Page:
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Mayor Filner Signs Tourism Marketing Agreement

Mayor Bob Filner signed an agreement with San Diego's Tourism Marketing District today. The City Council then unanimously approved a measure directing Filner to execute the amended agreement.

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TMD Agreement Signed By Filner

TMD Agreement Signed By Filner

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The council delayed a decision on the agreement last week because Filner and the TMD disagreed over the extent to which the area's biggest hotels should protect the city from risk. Three lawsuits filed against the city say a 2 percent fee on hotel rooms to fund the tourism district's marketing is illegal because it amounts to a tax, which must be approved by a public vote. If the courts agree, San Diego could have to refund money it paid to the tourism district.

The agreement signed by Filner today says each hotel's monetary obligation should be limited to "the dollar amount of the TMD assessment paid by that indemnifying hotel" for 12 months. It also says each hotel's obligation will only be triggered after the city's TMD fund is exhausted and says the city can save $2.3 million in hotel assessments for legal defense costs.

Last week, Filner had wanted hotels to protect the city from any risk associated with the lawsuits, but the hotels had agreed only to be liable for the money they give to the marketing district.

Filner vetoed the pact last week after a deal on amendments with the tourism agency's board fell through.

City Attorney Jan Goldsmith said he had not seen the new agreement until immediately before today's City Council meeting. But, he told councilmembers he trusts TMD's lawyers and is willing to sign off on the deal.

The tourism funds will not be released until Filner signs the original agreement. He hasn’t done that yet. But his staff told the City Council his signature on the amendment should be a sign of good faith that he will also sign the original. Filner's staff said he’ll sign the original when he returns from Mexico in three days.

Comments

Avatar image for user 'laplayaheritage'

laplayaheritage | April 15, 2013 at 11:20 a.m. ― 1 year ago

www.tinyurl.com/20130415a

Irrespective of today’s City Council hearing, on a parallel track the City Council should put the issue of increasing Hotel taxes to a public vote, in order to save taxpayer money and an additional 2 years of courtroom drama. The City, Hoteliers, and the SDTA employees can get certainty immediately after a public vote.

The first opportunity to put a 5% legal Hotel Tax increase before the public for a vote would be as part of the Special Election for City Council District 4 scheduled for Tuesday May 21, 2013. A public vote would get rid of the need for the private 2% TMD and 3% Special Tax for the Convention Center Financing District (CCFD), and all expensive lawsuits. The private Hoteliers, City Council, the Independent Budget Analyst (IBA), and City Attorney Goldsmith have all pre-approved a 5% TOT increase from the existing 10.5% TOT to a Maximum effective rate of 15.5%. Therefore the Hoteliers’ complaints that a maximum effective 15.5% Hotel Tax rate would hurt the tourism industry in San Diego, can be ignored.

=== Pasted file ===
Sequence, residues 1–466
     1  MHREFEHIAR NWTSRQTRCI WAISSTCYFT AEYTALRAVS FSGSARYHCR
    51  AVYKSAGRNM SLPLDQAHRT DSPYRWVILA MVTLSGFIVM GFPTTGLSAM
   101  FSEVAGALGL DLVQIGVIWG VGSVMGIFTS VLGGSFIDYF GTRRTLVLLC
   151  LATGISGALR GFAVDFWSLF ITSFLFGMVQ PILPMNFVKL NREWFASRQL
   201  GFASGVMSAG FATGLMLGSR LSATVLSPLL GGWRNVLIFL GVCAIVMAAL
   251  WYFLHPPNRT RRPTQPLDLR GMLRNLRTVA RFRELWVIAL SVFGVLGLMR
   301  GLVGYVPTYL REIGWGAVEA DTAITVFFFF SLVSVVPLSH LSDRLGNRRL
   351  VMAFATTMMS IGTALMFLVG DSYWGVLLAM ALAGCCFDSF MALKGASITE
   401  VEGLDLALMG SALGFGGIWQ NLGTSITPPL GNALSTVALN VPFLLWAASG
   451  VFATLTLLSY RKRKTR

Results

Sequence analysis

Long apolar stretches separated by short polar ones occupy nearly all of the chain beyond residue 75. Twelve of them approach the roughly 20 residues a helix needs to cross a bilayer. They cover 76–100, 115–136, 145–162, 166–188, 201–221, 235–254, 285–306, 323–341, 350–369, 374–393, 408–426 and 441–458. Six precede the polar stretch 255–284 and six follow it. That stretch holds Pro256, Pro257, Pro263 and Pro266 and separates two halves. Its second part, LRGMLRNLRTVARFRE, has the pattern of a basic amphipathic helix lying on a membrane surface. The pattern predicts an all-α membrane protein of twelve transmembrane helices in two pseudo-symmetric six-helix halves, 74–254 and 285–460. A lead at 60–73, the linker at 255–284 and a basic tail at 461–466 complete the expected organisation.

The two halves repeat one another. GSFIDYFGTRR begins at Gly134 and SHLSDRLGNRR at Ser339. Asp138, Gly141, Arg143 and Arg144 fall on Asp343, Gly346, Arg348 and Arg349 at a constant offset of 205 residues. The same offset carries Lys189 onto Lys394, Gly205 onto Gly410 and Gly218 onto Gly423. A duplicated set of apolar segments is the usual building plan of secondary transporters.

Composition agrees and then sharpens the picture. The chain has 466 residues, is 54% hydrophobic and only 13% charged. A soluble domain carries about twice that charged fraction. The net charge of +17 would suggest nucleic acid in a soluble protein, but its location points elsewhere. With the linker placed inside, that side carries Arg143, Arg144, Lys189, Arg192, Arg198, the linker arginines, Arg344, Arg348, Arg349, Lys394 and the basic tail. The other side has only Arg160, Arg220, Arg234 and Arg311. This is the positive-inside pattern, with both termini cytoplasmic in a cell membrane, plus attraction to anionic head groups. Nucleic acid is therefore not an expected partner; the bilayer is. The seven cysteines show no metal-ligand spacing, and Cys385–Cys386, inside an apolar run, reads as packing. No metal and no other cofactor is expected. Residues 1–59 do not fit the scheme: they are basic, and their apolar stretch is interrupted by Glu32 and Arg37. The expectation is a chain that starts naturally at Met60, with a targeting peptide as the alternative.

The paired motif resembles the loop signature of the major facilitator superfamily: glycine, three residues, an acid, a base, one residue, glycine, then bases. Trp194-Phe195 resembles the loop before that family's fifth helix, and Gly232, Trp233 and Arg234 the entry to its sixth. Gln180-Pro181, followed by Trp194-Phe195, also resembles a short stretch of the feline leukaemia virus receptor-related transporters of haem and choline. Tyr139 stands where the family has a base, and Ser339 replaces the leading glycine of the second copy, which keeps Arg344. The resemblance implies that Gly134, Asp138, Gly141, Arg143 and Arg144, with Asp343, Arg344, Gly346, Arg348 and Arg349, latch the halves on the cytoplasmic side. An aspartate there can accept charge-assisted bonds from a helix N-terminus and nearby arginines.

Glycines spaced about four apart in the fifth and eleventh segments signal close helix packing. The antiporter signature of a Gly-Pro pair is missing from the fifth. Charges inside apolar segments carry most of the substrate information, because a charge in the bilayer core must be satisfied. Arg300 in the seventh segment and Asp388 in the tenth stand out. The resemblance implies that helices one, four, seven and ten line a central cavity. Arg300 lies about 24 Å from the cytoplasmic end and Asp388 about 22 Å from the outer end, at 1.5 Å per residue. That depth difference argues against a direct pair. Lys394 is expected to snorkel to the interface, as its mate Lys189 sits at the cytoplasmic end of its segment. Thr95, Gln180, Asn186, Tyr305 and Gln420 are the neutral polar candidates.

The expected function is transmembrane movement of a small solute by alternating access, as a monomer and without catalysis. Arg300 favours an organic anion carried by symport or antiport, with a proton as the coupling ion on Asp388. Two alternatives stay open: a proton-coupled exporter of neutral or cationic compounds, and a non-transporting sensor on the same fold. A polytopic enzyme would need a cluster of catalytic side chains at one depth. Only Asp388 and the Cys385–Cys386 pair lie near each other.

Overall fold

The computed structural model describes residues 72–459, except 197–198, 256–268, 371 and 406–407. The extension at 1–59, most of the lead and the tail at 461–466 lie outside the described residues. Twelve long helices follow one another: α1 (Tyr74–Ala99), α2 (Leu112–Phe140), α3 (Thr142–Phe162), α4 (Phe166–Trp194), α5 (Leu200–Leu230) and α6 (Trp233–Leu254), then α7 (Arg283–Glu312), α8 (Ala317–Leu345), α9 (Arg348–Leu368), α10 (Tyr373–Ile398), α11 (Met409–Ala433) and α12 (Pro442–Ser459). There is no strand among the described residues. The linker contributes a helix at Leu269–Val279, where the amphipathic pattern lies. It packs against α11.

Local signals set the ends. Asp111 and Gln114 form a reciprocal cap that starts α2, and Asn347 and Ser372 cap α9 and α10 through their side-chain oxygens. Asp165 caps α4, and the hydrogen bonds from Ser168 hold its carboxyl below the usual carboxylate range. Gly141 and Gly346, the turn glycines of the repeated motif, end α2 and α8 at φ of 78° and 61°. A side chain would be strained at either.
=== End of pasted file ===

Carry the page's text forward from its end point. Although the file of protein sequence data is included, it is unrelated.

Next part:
The effects of the City Council’s approval of today’s TMD Agreement and the Convention Center Financing District (CCFD) will cause a domino effect on a range of development possibilities for the San Diego Region. Without a public vote to increase hotel taxes by 5%, the City of San Diego and the NFL Chargers would not have the option of a multi-purpose Olympic Stadium and Contiguous Convention Center Expansion on our public waterfront. Without a multi-use structure in downtown, the City of San Diego will not have the opportunity to Redevelop our public QUALCOMM Stadium site in Mission Valley, and our public Sports Arena in the Midway District. Kowtowing to the private Hoteliers and SDTA should not come at a cost of a potential lost our NFL Chargers franchise, and no opportunities to redevelop Qualcomm Stadium and the Sports Arena.

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Avatar image for user 'ericjlund'

ericjlund | April 15, 2013 at 3:42 p.m. ― 1 year ago

The tourism industry is nearly to the next waypoint toward being in position to once again market San Diego as a great destination. We should all be cautiously optimistic that the Mayor will follow through and ensure funding flows so marketing can begin anew. It was nice o see the Council acknowledge that the tourism industry stepped up and retuned millions of dollars to the General Fund during the Great Recession to help San Diego balance it's budget when the first five year TMD was established as a solution to funding marketing outside of the General Fund. For more tourism facts go here: www.sandiego.org/whytravelmatters

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Avatar image for user 'ericjlund'

ericjlund | April 15, 2013 at 3:44 p.m. ― 1 year ago

The tourism industry is nearly to the next waypoint toward being in position to once again market San Diego as a great destination. We should all be cautiously optimistic that the Mayor will follow through and ensure funding flows so marketing can begin anew. It was nice to see the Council acknowledges that the tourism industry stepped up and retuned millions of dollars to the General Fund during the Great Recession to help San Diego balance its budget when the first five year TMD was established as a solution to funding marketing outside of the General Fund. For more tourism facts go here: www.sandiego.org/whytravelmatters

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